and maybe you were overlooking this statement. :wink:

Perhaps I should have clarified that I meant genuinely relevant (and to me interesting and fulfilling) jobs where I can use my knowledge and skills. Maybe I could work in finance in London, but then I could also work in fast food in Mullingar and probably find it equally worthwhile. Of course, the fact that I’d probably radiate that I was bored stiff in the interview might preclude me from ever getting that job at JP Morgan. :laughing:

Don’t worry, it was just a personal observation that for many people, the fashionable draw to all the so-called happening places just isn’t that relevant, because for them, there actually isn’t that much happening there. :smiley:
I (British) actually know relatively few people working in London, because the jobs for the people I know just aren’t there. I did work there for a while, but that was as a postdoc.

Incidentally, when interviewing others for jobs in industrial R&D, I’ve also had a high proportion of candidates from abroad (mostly EU, but also farther afield). Particularly when you’re looking for people with a PhD and relevant experience, the total pool of available Irish, or even Irish resident candidates can be tiny. I mean barely into double figures at best and once you can discount people who are already happily employed and don’t want to move (and hence don’t even apply), it’s easy to end up with a large majority of foreign candidates. By then the London/Dublin/Not London/Not Dublin location question doesn’t really come into it, except insofar as London (inner London at least) just doesn’t have much of a manufacturing sector and there’s a vanishingly small probability that I’d be working at a company that was hiring there in the first place. … -1.2308654

once again I must state overseas visitors != tourists but neither Paschal Donohue or Bord Fáilte want the public to know this.

Population and Migration Estimates
April 2015 … april2015/

Net outward migration falls to 11,600 in 2015

Emigration clear through QNHS Q2 2015 … rter22015/ (15-34)

And there was me thinking all those still leaving Ireland were doing so for ‘lifestyle reasons’, or so the Politicians and Media heads tell us

One in six Irish-born people now live abroad
Ireland has highest share in OECD of over-15s born here but living overseas … -1.2354097

The Irish Times article is not particularly informative. No Irish journalist really understands demographics except Dan O’Brien. We will always have a high share of Irish-born people living abroad as we have high gross migration of people who tend not to stay forever. People generally migrate just before or during their child-bearing years. You’ll find quite a few rural primary schools in Poland with Irish-born children.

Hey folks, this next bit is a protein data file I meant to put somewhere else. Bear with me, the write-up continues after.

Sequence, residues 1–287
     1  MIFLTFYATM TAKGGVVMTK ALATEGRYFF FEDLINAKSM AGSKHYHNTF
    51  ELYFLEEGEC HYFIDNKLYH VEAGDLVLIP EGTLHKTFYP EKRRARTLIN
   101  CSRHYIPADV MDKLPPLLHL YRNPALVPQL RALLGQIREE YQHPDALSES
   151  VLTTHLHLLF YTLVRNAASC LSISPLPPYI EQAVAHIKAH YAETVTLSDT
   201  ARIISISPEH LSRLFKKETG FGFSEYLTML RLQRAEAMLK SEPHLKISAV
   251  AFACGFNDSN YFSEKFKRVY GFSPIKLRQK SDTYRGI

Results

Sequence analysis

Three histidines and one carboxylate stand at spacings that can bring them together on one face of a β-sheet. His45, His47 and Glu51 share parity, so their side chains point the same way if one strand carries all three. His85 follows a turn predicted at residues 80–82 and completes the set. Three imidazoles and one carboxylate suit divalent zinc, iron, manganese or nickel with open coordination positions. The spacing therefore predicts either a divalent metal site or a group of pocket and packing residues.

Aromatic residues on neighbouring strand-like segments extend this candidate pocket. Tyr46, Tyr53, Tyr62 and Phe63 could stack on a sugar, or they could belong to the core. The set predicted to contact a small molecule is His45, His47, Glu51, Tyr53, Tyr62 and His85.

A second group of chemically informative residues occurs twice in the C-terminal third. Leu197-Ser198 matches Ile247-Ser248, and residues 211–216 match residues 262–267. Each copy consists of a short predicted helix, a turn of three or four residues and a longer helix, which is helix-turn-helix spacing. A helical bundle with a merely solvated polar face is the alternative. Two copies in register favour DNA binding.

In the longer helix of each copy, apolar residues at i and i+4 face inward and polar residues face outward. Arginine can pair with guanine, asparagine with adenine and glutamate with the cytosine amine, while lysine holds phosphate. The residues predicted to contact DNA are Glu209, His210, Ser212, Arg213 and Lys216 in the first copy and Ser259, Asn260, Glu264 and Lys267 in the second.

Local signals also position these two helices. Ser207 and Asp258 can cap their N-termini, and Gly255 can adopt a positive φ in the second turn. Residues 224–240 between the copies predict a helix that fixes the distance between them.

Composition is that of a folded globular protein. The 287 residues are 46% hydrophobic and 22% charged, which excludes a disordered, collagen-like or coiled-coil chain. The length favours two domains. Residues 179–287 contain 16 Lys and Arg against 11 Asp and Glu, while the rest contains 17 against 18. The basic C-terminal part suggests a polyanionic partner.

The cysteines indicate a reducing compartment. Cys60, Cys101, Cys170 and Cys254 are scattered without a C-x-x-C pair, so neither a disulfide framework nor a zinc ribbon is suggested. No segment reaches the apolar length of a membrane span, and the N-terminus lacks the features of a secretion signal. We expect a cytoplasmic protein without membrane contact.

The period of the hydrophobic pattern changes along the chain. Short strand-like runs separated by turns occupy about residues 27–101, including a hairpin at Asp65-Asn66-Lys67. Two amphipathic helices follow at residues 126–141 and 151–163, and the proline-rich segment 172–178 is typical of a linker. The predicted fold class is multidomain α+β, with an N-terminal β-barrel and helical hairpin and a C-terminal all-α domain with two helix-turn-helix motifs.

The key finding from the recent population and migration statistics release was:
-Ireland is particularly attractive for the ‘RoW’ category. Net inward migration has been positive for three years now. The Irish labour market is kind to a mixture of the low-skilled happy to do menial work (hotel and nursing home work in the provinces) as well as high-skilled (IT I guess). For the low-skilled the low tax rate is undoubtedly appealing.
-Net outward migration of Irish is still very high. A large share of young people are leaving once they are a year or two out of college. This has always been the case but the rate increased during the downturn and hasn’t fallen much. And the ones who have gone aren’t coming home like they did in the mid-70s and late-90s when the economy picked up.

For a couple on professional wages average tax rates in Ireland are a lot less pleasant than elsewhere. Rising cost of rent - particularly in Dublin - probably also plays a part.

My kids will have been counted as Irish-born, even though they were born in France. They’ve never lived in Ireland.

How is that?

A child is automatically an Irish citizen if one of it’s parents was an Irish citizen who was born in Ireland.

A person can become an Irish citizen if one of their grandparents was born in Ireland, or they can become an Irish citizen if one of their parents was an Irish citizen at the time of their birth, but was not born in Ireland. If eligible, the birth can be registered on the Foreign Births Register.